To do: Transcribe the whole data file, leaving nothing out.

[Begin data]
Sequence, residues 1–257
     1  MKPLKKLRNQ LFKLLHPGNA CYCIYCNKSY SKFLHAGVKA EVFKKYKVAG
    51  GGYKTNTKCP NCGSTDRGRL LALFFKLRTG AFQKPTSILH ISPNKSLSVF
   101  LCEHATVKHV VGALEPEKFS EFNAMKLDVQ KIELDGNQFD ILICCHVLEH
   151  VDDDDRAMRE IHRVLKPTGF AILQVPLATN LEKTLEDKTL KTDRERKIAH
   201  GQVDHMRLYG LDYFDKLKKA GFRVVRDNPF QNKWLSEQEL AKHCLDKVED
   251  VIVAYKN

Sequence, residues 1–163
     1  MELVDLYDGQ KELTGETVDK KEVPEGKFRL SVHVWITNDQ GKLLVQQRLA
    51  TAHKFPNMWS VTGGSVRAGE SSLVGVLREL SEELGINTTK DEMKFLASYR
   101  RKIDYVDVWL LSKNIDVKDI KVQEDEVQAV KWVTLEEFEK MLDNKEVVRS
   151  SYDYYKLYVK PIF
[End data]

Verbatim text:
Sequence, residues 1–257
     1  MKPLKKLRNQ LFKLLHPGNA CYCIYCNKSY SKFLHAGVKA EVFKKYKVAG
    51  GGYKTNTKCP NCGSTDRGRL LALFFKLRTG AFQKPTSILH ISPNKSLSVF
   101  LCEHATVKHV VGALEPEKFS EFNAMKLDVQ KIELDGNQFD ILICCHVLEH
   151  VDDDDRAMRE IHRVLKPTGF AILQVPLATN LEKTLEDKTL KTDRERKIAH
   201  GQVDHMRLYG LDYFDKLKKA GFRVVRDNPF QNKWLSEQEL AKHCLDKVED
   251  VIVAYKN

Sequence, residues 1–163
     1  MELVDLYDGQ KELTGETVDK KEVPEGKFRL SVHVWITNDQ GKLLVQQRLA
    51  TAHKFPNMWS VTGGSVRAGE SSLVGVLREL SEELGINTTK DEMKFLASYR
   101  RKIDYVDVWL LSKNIDVKDI KVQEDEVQAV KWVTLEEFEK MLDNKEVVRS
   151  SYDYYKLYVK PIF